DXY was down sharply last night:
The Australian dollar surged:
Gold is still stuck right at the break out line:
Oil hit new recovery highs:
Base metals were mixed:
Miners did better:
EM stocks as well:
Bonds were firm:
Nasdaq kept the bubble alive, at new all-time highs:
The SPX/AUD correlation rolls on:
Westpac has the wrap:
US May Chicago Fed National Activity survey rose to +2.6 (est. -10) from prior -17.9, led by improvements in production and employment components. May existing home sales fell 9.7% to 3.91mn, the lowest level in a decade as lockdowns hit the real estate sector.
Australia: Preliminary merchandise trade data for May will be released, but is unlikely to have a substantial effect on markets given its ‘unfriendly format’ — not seasonally adjusted and on a customs basis.
Japan: The Jibun Bank manufacturing and services PMIs will be released today. Respective readings of 38.4 and 26.5 in April are likely to be improved upon, though a further significant contraction in activity is still expected.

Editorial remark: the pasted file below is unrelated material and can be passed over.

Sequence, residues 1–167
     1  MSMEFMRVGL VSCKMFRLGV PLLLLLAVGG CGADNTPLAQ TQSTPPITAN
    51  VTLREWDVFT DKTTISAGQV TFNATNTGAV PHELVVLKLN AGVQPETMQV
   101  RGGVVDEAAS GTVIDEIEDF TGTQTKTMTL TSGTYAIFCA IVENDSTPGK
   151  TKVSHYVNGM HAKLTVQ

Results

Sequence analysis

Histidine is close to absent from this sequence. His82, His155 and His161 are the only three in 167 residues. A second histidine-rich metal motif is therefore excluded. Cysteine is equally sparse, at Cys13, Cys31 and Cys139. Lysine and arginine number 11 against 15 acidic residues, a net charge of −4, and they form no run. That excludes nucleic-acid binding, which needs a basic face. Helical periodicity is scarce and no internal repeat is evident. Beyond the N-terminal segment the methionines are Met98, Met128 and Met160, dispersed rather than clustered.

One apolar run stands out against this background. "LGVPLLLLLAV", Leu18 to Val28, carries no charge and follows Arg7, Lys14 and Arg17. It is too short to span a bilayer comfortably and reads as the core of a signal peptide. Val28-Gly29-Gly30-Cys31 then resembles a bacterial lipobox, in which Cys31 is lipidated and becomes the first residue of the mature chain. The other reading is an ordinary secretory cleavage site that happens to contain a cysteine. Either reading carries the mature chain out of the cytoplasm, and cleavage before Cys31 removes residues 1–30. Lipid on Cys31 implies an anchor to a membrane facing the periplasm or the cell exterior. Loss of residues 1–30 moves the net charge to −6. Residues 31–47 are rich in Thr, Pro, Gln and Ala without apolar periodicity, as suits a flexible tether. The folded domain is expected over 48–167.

Taiwan: Industrial production growth has slowed but remains positive over the year. The market forecasts a slight decline from last month’s YoY% estimate of 3.51% to 2.95% in May.
Germany: PMI data is expected to show an improvement in activity across manufacturing (prior: 36.6, market f/c: 42.3) and services (prior: 32.6, market f/c: 42.0). Within manufacturing, auto production came to a virtual standstill in April, but at least a third of activity has reportedly come back online in May.
Eurozone: The release of Markit PMI data continues in the Eurozone overnight, with the market predicting an increase in manufacturing (from 39.4 to 44.8) and services (from 30.5 to 41.2).
US: New home sales may surprise to the upside given the partial re-opening of state economies that is occurring (prior: 0.6%, market f/c: 1.9%). High unemployment will remain a significant headwind in the months ahead, partially offset by ultra-low interest rates. The Markit PMIs for the manufacturing sector (prior: 39.8, f/c: 47.8) and services (prior: 37.5, market f/c: 44.8) are set to rise. Regional survey outcomes are also likely to be positive.
Not much to add. AUD outperformed after Phil Lowe’s unnecessarily stupid comments yesterday.
In the last few weeks, AUD has outperformed stocks a little as our virus performance comes to bear. Fair enough. But Australian dependence upon immigration for growth will come to bear on the recovery in the medium term. No other country is more damaged by collapsed people flows than we are and that will necessitate a much lower currency or much higher public spending in the medium term.
For now, nothing has changed. The AUD will rise so long as stocks do. And vice versa.